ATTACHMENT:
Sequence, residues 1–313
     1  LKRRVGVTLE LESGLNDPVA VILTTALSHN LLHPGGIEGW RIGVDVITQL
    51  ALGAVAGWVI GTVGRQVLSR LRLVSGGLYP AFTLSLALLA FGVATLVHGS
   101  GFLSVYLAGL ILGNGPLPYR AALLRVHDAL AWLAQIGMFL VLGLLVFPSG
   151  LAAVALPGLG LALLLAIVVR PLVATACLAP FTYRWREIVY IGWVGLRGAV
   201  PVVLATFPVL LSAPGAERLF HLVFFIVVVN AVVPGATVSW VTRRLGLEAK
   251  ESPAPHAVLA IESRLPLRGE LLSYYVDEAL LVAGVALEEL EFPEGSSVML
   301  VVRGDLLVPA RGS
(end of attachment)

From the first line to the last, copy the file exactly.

Sequence, residues 1–313
     1  LKRRVGVTLE LESGLNDPVA VILTTALSHN LLHPGGIEGW RIGVDVITQL
    51  ALGAVAGWVI GTVGRQVLSR LRLVSGGLYP AFTLSLALLA FGVATLVHGS
   101  GFLSVYLAGL ILGNGPLPYR AALLRVHDAL AWLAQIGMFL VLGLLVFPSG
   151  LAAVALPGLG LALLLAIVVR PLVATACLAP FTYRWREIVY IGWVGLRGAV
   201  PVVLATFPVL LSAPGAERLF HLVFFIVVVN AVVPGATVSW VTRRLGLEAK
   251  ESPAPHAVLA IESRLPLRGE LLSYYVDEAL LVAGVALEEL EFPEGSSVML
   301  VVRGDLLVPA RGS